This test is suitable for children with a developmental age of approximately 2 to 4 years. We will play a game with your child, and ask them to carry a simple task – such as putting a man in a boat – when they hear a sound. We aim to measure the quietest level of sound at which your child will respond.
Pure Tone Audiometry (PTA) –
PTA is used to assess the hearing of older children and adults. Your child will be asked to press a button in response to hearing a sound, and we will measure the quietest sounds that they are able to hear. This may be carried out using a small speaker, headphones or a bone conductor (which vibrates on the bone behind the ear).
Speech testing –
Your child will be asked to point to different toys or pictures, or to repeat words they have heard, when listening to a recorded voice played at different levels.
Otoscopy –
We will attempt to examine your child’s ear canals and eardrums using a small torch called an otoscope.
Tympanometry –
This tells us how the middle part of the ear is working. A soft-tipped earpiece is placed into the ear canal for a few seconds. This gently puffs air into the ear canal and measures how well your child’s eardrum is moving. This can tell us if there is any fluid or congestion in the middle ear, often called ‘glue ear’.

What happens next?
We will put together the results of the different tests to work out whether your child has any difficulty hearing, and if so which part of the ear and hearing system may be affected. This will help us to work out whether a hearing loss may be temporary (for example, ‘glue ear’, due to congestion behind the eardrums) or more permanent.
We will explain the results to you and then discuss the options for what to do next. Depending on the results we have found, these options may include:
– Discharge from the Audiology service if results are within normal limits.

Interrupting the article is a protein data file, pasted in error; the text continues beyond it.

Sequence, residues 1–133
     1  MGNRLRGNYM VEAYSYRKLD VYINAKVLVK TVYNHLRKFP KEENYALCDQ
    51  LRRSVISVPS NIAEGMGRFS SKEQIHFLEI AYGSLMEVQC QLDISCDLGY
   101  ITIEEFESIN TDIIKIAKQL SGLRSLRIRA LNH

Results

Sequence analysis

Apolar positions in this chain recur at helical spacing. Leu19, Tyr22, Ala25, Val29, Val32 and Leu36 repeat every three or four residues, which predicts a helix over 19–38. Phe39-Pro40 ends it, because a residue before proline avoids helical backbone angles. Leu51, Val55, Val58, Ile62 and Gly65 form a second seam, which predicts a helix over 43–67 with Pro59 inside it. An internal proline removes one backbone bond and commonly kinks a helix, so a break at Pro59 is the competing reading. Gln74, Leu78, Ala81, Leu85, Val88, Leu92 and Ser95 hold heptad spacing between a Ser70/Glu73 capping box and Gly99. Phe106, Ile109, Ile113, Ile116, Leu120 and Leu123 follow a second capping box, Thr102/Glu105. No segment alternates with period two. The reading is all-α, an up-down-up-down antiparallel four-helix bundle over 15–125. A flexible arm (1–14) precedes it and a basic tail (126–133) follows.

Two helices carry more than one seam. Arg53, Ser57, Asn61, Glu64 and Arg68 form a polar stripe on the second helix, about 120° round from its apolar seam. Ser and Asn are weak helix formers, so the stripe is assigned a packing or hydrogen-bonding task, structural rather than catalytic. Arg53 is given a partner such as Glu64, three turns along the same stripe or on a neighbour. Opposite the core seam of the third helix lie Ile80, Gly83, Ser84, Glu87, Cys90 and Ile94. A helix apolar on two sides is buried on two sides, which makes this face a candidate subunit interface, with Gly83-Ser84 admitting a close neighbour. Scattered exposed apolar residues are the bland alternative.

– Watchful waiting (for example, in the case of ‘glue ear’ which often resolves by itself after a period of time).
– Trying hearing aids to help ensure your child has best possible access to quiet speech and environmental sounds.
– Referral to other specialties for their opinion, for example:

Ear, Nose and Throat Department
Audiological Medicine
Speech and Language Therapy
Teachers of the Hearing Impaired

After the appointment, you and your GP will receive a written report by post which outlines the results and management plan. Please provide us with names and addresses of any other health professionals that you would like to receive a copy of this report.
If you require any written information to be provided in any language other than English, please let us know as soon as possible.

What should I bring to my child’s appointment?
Children who already have hearing aids should bring these to every appointment.
If your child wears glasses, please bring these too.

How can I contact Paediatric Audiology?
Paediatric Audiology Department
The Royal Surrey County Hospital
Egerton Road
Guildford
GU2 7XX
Telephone Number: 01483 571122 ext. 4880
There is an answerphone attached; please do leave a message if we are unable to answer your call.
E-mail: rsc-tr.paedenquiries@nhs.net
We endeavour to respond to all messages received within two working days.

How can I tell you what I think of the Paediatric Audiology Service?
We very much value feedback from all of our patients, and our receptionist may ask you to complete a satisfaction questionnaire when you come to your appointment.
In the children’s waiting area you will also find comments cards and a box, where you can tell us about your experience.

Where can I find more information?
Further information about the Newborn Hearing Screening Programme can be found here: http://hearing.screening.nhs.uk
Further information about hearing and hearing loss is available from the National Deaf Children’s Society: www.ndcs.org.uk
Further information about ‘glue ear’ is available from NHS Choices: http://www.nhs.uk/conditions/glue-ear/Pages/Introduction.aspx